Gallagher v. Austin Police Department
ORDER GRANTING 15 Motion for Judgment on the Pleadings. Signed by Judge Robert Pitman. (td)
IN THE UNITED STATES DISTRICT COURT
FOR THE WESTERN DISTRICT OF TEXAS
AUSTIN POLICE DEPARTMENT,
Before the Court is Defendant Austin Police Department’s Motion for Judgment on the
Pleadings. (Dkt. 15). Having considered the pleadings, the factual record, and the relevant case law,
the Court issues the following order.
Plaintiff Ryan Gallagher filed an action against the Austin Police Department in state court
on February 24, 2016. Defendant Austin Police Department (“APD”) removed the action to this
Court on April 29, 2016.
Plaintiff’s Complaint spans nearly 150 pages, but the relevant factual allegations are stated
briefly. Plaintiff appears to be an ordained minister of the Universal Life Church and runs a
religiously oriented business of selling seeds, herbs, fruits, and vegetables. Plaintiff states that he “is a
Hindu and practices Neurospirituality,” which appears to involve the use of nootropics. Plaintiff’s
examples of these substances include syneperine, tryptophan, and holy basil seeds, which, according
to Plaintiff, “are grown for Lord Krishna, and are definitely not illegal.”
In the week before he filed his lawsuit, Plaintiff alleges that police seized around 100,000
items, including basil, mango, peaches, pickling cucumbers, along with his nootropics. Plaintiff states
that the items were seized “on the ground that it did not show up as Cocaine, Methamphetamine or
Heroine,” and that the narcotics sergeant told the other officers to take everything because they
could not identify it, though almost everything was labeled.
Plaintiff has alleged that this seizure has damaged his business because he cannot sell his
seed inventory or make a nootropic blend. At the time he filed his Complaint, Plaintiff also alleged
he would miss the growing season so he would be unable to restock his inventory or grow herbs for
food or religious use. Plaintiff alleges that the conduct of the APD officers violated his Fourth and
Fourteenth Amendment rights.
Defendant APD filed this motion for judgment on the pleadings on January 26, 2017.
Plaintiff has so far filed no response.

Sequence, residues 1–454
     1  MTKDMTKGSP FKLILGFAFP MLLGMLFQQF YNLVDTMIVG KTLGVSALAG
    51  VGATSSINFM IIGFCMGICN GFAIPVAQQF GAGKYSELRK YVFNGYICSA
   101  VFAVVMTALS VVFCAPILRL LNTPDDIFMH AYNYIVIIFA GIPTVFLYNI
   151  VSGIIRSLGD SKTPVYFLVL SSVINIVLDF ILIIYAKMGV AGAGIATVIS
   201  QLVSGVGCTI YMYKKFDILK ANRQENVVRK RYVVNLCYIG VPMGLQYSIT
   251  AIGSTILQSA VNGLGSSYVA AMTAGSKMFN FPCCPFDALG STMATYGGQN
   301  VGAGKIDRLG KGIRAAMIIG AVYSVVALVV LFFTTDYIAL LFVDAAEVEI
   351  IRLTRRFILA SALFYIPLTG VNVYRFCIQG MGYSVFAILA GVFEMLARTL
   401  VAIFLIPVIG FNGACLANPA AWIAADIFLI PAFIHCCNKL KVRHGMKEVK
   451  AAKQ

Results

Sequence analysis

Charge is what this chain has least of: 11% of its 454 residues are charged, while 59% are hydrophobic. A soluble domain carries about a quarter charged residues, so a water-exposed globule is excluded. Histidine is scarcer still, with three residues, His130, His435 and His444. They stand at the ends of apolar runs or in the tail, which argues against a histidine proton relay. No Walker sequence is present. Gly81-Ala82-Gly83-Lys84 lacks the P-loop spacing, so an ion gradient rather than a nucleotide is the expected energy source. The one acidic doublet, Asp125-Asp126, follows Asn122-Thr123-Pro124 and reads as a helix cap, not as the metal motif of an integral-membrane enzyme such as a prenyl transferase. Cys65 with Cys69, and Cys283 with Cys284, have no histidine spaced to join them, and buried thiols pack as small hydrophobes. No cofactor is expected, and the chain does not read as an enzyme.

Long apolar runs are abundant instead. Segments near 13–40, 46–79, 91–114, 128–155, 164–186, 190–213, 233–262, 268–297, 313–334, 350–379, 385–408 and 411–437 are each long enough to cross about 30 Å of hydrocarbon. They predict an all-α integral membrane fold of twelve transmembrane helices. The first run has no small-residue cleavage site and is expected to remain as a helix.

A motion for judgment on the pleadings under Rule 12(c) “is subject to the same standards
as a motion to dismiss under Rule 12(b)(6).” In re Great Lakes Dredge & Dock Co. LLC, 624 F.3d 201,
209–10 (5th Cir. 2010). Accordingly, the court must accept “all well-pleaded facts as true, viewing
them in the light most favorable to the plaintiff.” In re Katrina Canal Breaches Litig., 495 F.3d 191, 205
(5th Cir. 2007). The plaintiff must plead sufficient facts to “state a claim for relief that is plausible on
its face.” Bell Atl. Corp. v. Twombly, 550 U.S. 544, 570 (2007). The court must initially identify
pleadings that are no more than legal conclusions not entitled to the assumption of truth, then
assume the veracity of well-pleaded factual allegations and determine whether those allegations
plausibly give rise to an entitlement to relief. If not, “the complaint has alleged—but it has not
‘show[n]’—‘that the pleader is entitled to relief.’” Ashcroft v. Iqbal, 556 U.S. 662, 679 (2009) (quoting
Fed. R. Civ. P. 8(a)(2)).
APD argues that the Court should grant judgment on the pleadings for three reasons: (1)
APD is not a separate legal entity capable of being sued; (2) Plaintiff has failed to adhere to statutory
prerequisites to suit; and (3) Plaintiff’s claims are not supported by his alleged facts. Because the
Court finds the first reason to be dispositive, it does not reach the others.
APD is a subdivision of the City of Austin and “cannot pursue a suit on its own unless it is
‘a separate and distinct corporate entity.’” Darby v. Pasadena Police Dep’t, 939 F.2d 311, 313 (5th Cir.
1991). “[U]nless the true political entity has taken explicit steps to grant the servient agency with
jural authority, the agency cannot engage in any litigation except in concert with the government
itself.” Id. at 313–14. APD lacks status as a separate entity and thus is not capable of being sued.
Rivera v. Mike, No. A-11-CA-275-LY, 2011 WL 6025875, at *3 (W.D. Tex. Dec. 2, 2011).
Accordingly, Plaintiff’s claims against APD must be dismissed. It appearing that there are no other
defendants in this action, this dismissal is dispositive of Plaintiff’s case.
For the foregoing reasons, the Court GRANTS APD’s Motion for Judgment on the
Pleadings and thus DISMISSES Plaintiff’s claims. (Dkt. 15).
SIGNED on March 21, 2017.
UNITED STATES DISTRICT JUDGE
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